About SMART Recovery
SMART Recovery is an abstinence-based, not-for-profit organization with a sensible self-help program for people having problems with drinking and using. It includes many ideas and techniques to help you change your life from one that is self-destructive and unhappy to one that is constructive and satisfying. SMART Recovery is not a spin-off of Alcoholics Anonymous. No one will label you an “alcoholic”, an “addict” or “diseased” nor “powerless”, and if you do not believe in a religion or spirituality, that’s fine, too. Smart Recovery teaches common sense self-help procedures designed to empower you to abstain and to develop a more positive lifestyle. When you succeed at following the SMART Recovery approach, you may graduate from the program, or you may stay around to help others.
Based on Sensible Theory
Drinking and using can serve a purpose — to cope with life’s problems and emotional upsets. There’s a drawback, however. Many problems arise from heavy drinking and continual using. So that kind of coping is not only impractical, it’s counterproductive. To help you reverse your self-destructive behavior, SMART Recovery uses a cognitive-behavioral (thinking/doing) psychotherapy called REBT which stands for Rational Emotive Behavior Therapy. Psychologist Albert Ellis devised this system in the’50s. It’s effective and widely accepted. According to REBT, your thinking creates your feelings and leads you to act. By managing the beliefs and emotions that lead you to drink or use, you can empower yourself to quit. Then you can work at problems you have with abstaining. SMART Recovery is not much concerned with the past, except to learn from it. SMART Recovery focus on present-day events and the causes of self-destructive behaviors, concentrating on what to do about them in order to achieve a positive lifestyle change, especially in the areas of our lives that are related to drinking or using.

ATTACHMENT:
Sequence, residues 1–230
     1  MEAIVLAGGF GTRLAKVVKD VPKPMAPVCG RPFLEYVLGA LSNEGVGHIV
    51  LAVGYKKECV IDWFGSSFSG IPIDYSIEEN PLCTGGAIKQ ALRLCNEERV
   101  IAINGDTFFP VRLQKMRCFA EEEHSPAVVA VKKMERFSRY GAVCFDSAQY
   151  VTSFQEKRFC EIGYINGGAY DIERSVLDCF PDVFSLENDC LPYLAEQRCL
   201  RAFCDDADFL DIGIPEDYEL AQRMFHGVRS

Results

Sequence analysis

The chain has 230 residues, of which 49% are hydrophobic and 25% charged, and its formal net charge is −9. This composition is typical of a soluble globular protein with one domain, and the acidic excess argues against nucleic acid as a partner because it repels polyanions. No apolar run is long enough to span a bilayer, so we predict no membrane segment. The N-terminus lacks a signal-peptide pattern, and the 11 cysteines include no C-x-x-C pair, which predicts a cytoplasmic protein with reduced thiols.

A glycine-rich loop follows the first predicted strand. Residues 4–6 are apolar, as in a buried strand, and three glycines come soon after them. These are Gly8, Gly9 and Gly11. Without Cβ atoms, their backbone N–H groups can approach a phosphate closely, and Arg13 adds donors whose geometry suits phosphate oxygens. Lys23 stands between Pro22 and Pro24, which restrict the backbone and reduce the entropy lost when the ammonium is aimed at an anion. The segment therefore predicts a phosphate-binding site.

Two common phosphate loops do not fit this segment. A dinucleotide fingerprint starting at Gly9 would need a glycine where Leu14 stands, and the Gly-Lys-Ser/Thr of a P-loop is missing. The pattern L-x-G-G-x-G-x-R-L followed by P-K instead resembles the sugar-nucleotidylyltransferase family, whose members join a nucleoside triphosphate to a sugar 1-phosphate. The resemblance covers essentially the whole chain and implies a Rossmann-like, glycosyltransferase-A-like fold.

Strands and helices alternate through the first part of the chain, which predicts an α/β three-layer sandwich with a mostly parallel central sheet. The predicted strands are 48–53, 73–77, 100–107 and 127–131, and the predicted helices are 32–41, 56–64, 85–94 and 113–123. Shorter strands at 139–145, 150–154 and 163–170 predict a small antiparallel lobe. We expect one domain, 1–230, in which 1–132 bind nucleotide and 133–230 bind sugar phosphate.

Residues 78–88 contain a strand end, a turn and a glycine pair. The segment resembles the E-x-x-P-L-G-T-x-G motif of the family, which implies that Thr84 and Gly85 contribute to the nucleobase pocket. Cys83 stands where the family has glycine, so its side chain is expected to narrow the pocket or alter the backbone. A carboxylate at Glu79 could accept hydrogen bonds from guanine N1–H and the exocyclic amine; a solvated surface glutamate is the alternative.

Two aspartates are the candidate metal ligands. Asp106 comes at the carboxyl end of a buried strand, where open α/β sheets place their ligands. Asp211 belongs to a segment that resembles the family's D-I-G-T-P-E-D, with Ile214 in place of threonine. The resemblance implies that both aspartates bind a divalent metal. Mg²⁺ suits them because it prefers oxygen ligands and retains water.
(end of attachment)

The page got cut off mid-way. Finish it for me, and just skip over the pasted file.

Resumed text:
Key Areas of Awareness and Change
SMART Recovery emphasizes:
(1) Enhancing motivation;
(2) Refusing to act on urges to use;
(3) Managing life’s problems in a sensible and effective way without substances; and
(4) Developing a positive, balanced, and healthy lifestyle.
Click here for more information on SMART Recovery, including meeting schedules and educational resources.